Dear Street Smarts,
I've had a question for awhile about the proper use of turnouts on roads. I asked an officer once but never got a clear answer.
I commute on Highway 9 from Boulder Creek to the San Francisco Bay Area and have seen many close calls because of improper use of the turnouts. Please, if you can, clear this up for me -- and possibly for others.
- Drivers do not use the turnouts when there are more than five vehicles behind them. There are signs posted for slower traffic to use the turnouts.
- When drivers do use the turnouts, they speed up and do not let any vehicles pass, and then come right back in the lane.
- When drivers use the turnouts, they let one car by and then completely cut off anymore traffic, sometimes almost causing a collision. This is the worst of all.
My question is, after a driver pulls over using a turnout, shouldn't they by law, wait until it is clear to go back on the highway?
My belief is that the driver pulls over and should wait until it is clear to go back onto the main road.
I am curious, just in case one of these inconsiderate drivers smacks into me. Then I can hold them liable.
Thank you for any response to this dilemma.
Lori Farrer, Boulder Creek
“In the case that a slow driver uses a turn out, he or she should wait until it is safe to re-enter the roadway,” said Officer Sarah Jackson of the Aptos area California Highway Patrol office. “A vehicle which leaves the roadway has forfeited their right-of-way on that roadway and must re-enter as any other vehicle would. Darting out in front of traffic in any case is not only illegal, but unsafe.”
Jackson cited California Vehicle Code Section 21656
in explaining the proper use of turnouts.
"On a two-lane highway where passing is unsafe because of traffic in the opposite direction or other conditions, a slow-moving vehicle, including a passenger vehicle, behind which five or more vehicles are formed in line, shall turn off the roadway at the nearest place designated as a turnout by signs erected by the authority having jurisdiction over the highway, or wherever sufficient area for a safe turnout exists, in order to permit the vehicles following it to proceed,” the vehicle code reads. “As used in this section a slow-moving vehicle is one which is proceeding at a rate of speed less than the normal flow of traffic at the particular time and place."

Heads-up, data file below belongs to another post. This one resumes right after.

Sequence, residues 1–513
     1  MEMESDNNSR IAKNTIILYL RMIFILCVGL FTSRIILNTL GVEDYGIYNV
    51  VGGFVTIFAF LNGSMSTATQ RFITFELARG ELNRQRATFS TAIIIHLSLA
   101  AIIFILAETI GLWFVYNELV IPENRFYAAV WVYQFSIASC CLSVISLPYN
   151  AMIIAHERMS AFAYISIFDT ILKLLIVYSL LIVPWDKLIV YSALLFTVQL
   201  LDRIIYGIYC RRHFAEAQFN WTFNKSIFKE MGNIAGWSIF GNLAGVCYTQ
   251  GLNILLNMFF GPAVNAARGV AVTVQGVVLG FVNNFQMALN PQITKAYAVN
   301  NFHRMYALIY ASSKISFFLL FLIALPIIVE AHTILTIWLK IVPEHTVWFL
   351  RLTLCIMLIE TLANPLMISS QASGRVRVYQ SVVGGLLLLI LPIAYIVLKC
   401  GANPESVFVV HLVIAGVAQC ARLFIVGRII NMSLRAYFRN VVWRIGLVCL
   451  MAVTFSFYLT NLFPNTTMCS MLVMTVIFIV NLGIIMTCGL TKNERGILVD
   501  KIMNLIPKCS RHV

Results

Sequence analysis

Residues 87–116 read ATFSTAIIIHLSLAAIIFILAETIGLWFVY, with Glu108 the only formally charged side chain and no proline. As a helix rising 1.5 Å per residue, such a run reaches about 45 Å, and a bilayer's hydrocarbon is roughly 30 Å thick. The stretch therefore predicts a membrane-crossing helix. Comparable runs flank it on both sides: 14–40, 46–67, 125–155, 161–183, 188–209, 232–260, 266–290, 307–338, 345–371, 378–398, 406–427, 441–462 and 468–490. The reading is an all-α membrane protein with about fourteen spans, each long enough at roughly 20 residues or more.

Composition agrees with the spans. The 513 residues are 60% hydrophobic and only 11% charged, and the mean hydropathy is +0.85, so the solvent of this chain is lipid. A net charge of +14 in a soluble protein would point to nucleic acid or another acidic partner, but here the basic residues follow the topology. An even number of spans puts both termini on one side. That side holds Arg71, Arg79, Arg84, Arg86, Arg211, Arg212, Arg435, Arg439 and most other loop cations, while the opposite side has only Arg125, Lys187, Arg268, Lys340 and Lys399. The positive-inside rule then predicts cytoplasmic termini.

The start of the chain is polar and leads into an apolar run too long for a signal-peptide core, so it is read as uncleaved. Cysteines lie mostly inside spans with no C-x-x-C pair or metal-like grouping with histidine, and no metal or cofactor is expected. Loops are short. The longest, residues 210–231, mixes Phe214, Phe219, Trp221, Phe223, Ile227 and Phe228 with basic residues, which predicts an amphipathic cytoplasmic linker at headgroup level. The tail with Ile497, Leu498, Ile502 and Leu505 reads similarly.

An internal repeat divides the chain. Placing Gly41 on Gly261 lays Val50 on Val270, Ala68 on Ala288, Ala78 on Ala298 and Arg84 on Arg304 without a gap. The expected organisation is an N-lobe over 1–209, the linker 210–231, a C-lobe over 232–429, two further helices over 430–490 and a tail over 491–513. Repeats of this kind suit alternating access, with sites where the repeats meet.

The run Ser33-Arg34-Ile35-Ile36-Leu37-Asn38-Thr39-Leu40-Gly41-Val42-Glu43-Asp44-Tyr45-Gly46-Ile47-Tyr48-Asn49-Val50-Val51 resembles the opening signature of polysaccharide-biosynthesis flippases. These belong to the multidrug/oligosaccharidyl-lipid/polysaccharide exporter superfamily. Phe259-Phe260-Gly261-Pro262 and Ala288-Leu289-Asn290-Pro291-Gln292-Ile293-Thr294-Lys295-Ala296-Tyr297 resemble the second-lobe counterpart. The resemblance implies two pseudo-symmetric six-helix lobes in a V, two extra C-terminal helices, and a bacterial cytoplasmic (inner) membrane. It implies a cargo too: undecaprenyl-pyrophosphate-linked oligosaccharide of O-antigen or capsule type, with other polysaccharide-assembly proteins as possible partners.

The “normal flow of traffic” can’t be expected to be above the posted speed limit, Jackson said.
Drivers who fail to use turnouts can be cited for three things, she said: vehicle code sections, 21656
-- turning out of slower moving vehicles, impeding traffic and failure to obey a regulatory sign, respectively.
That said, motorists following the impeding driver must not tailgate, Jackson said.
“It is wise to use caution when passing a vehicle in a turn out to avoid a collision,” she said as she also warned against crossing over the double yellow line.
As for determining who’s at fault in after a collision involving improper use of a turnout, Jackson said the CHP’s investigating officers will be the judge of that.
“Rest assured, if you are in a collision you can always call us and we will hold the responsible party liable,” she said. “You may be left wondering who is legally at fault until the report is completed though, since we never assess fault at the scene. Rather, we document all the evidence and the investigating officer's finding are reviewed by another -- very experienced -- officer. This ensures an accurate, fair outcome.”